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What Stock Investors Should Do About Global Warming

By Fisher Investments

NEW YORK ( TheStreet) -- Global warming. Scientists can't seem to agree on its existence, and politicians can't seem to agree on how to address it. Or if it exists.

Confused? You aren't alone -- especially if you're wondering how the heck climate change can impact upon your stock portfolio. Should global warming even be a factor in your stock-selection process?

Yes, but perhaps not for the reasons you think.

It's all about asking the right questions. When considering climate change's potential impact on stocks, investors might be tempted to ask things like, "Is this company contributing to global warming?" and shun the stock if the answer appears to be yes. Bad stock! It must be punished!

Problem is, this potentially ignores significant opportunities -- carbon emitters could very well be quite profitable, leaving investors who avoid them with big opportunity costs. Compounded over time, this can get long-term growth investors off-track from their goals.

Instead, think about policies -- namely, policies governments might enact in order to fight climate change -- and how they could impact upon firms' profits over the next 12 to 18 months. Carbon taxes, cap and trade, levies on air travel, solar and wind power subsidies and the like create winners and losers globally. For equity investors, the key is identifying whom these measures impact and how, and the opportunities (and risks) that arise. This can be tricky, however.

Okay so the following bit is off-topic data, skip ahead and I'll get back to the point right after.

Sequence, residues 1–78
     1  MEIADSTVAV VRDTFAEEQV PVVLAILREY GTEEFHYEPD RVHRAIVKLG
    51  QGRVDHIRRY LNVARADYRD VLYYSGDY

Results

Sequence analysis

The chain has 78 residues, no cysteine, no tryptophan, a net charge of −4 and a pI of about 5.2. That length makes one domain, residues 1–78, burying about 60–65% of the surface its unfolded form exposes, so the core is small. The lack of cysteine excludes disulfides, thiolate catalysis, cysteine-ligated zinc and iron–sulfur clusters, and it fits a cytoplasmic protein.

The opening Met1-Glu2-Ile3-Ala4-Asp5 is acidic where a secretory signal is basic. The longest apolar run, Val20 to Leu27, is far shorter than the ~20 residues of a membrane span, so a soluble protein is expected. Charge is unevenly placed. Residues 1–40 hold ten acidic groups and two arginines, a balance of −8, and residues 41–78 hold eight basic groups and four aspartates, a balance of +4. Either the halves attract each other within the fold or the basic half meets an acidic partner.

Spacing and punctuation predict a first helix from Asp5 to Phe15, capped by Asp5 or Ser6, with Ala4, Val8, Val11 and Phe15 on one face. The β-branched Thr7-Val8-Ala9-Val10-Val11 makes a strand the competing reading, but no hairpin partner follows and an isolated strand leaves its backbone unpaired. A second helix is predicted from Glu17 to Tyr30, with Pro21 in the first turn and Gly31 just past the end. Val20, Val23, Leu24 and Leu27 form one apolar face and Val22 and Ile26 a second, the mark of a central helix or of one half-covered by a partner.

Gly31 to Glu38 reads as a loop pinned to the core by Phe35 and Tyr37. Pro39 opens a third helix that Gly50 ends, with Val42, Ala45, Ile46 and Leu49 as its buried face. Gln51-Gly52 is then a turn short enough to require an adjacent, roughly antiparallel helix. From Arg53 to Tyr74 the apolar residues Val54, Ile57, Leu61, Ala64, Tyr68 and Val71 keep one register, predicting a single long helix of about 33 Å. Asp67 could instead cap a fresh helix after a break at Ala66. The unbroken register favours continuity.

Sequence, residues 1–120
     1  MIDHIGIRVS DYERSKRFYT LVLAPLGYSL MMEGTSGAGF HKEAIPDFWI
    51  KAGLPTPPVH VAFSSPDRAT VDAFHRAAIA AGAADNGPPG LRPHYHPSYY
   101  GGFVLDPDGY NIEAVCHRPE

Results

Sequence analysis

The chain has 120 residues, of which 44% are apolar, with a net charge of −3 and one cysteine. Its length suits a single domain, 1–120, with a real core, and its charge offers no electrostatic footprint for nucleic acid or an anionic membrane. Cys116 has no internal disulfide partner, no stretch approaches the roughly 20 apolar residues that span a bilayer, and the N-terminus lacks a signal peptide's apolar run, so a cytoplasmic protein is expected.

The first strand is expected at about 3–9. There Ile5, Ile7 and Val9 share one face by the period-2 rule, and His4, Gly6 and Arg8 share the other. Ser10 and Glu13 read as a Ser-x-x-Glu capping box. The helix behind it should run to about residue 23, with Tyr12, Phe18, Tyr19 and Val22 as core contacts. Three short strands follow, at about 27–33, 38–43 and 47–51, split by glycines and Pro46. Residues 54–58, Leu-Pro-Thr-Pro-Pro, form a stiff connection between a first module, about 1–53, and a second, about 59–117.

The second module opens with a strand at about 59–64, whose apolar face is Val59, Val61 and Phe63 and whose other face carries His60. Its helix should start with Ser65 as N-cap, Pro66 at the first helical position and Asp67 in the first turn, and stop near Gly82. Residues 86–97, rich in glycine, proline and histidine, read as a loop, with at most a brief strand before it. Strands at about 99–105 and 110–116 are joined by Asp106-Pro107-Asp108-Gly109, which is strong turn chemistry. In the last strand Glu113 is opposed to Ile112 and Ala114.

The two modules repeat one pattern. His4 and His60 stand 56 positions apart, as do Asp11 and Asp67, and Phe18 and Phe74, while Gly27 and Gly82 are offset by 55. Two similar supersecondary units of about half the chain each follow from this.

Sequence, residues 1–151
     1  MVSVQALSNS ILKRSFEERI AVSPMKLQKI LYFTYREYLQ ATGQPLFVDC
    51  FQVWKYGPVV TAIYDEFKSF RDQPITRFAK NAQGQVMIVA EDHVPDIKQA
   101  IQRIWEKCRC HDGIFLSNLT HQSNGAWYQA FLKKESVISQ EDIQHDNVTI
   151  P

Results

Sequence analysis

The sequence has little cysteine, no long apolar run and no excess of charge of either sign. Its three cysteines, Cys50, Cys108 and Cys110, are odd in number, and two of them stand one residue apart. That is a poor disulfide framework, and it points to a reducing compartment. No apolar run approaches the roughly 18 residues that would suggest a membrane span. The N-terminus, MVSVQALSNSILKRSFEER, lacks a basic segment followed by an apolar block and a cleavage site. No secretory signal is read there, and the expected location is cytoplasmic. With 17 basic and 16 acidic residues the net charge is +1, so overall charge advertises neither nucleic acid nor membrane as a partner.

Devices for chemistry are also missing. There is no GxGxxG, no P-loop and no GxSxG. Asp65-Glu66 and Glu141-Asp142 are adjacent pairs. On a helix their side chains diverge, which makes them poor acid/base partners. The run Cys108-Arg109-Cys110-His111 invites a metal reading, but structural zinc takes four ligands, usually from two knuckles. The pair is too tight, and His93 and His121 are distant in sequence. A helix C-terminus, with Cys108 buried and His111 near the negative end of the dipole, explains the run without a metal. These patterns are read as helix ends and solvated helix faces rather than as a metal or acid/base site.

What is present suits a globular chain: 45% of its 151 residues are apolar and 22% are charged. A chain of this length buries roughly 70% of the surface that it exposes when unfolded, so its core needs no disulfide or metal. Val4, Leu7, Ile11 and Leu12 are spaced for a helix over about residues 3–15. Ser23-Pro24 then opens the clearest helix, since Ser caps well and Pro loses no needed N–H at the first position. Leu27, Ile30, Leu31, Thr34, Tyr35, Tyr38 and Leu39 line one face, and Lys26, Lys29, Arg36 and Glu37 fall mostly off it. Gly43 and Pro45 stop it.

For example, think about Europe's carbon trading scheme. Every year, the European Commission issues a set number of carbon permits, and companies may purchase and trade them on the open market. When it was launched, the obvious move for investors would have been to avoid companies with high emissions -- they'd have to pay more for more carbon permits, dampening profits.

However, this policy didn't work out as officials intended and the law of unintended consequences took effect. Firms found ways to use carbon more efficiently because the profit motive gave them incentives to find a workable solution to keep margins intact. As a result, carbon prices tanked to the point where they take little bite out of businesses' bottom lines.

Investors who shunned European industrials might have missed some perfectly fine opportunities.

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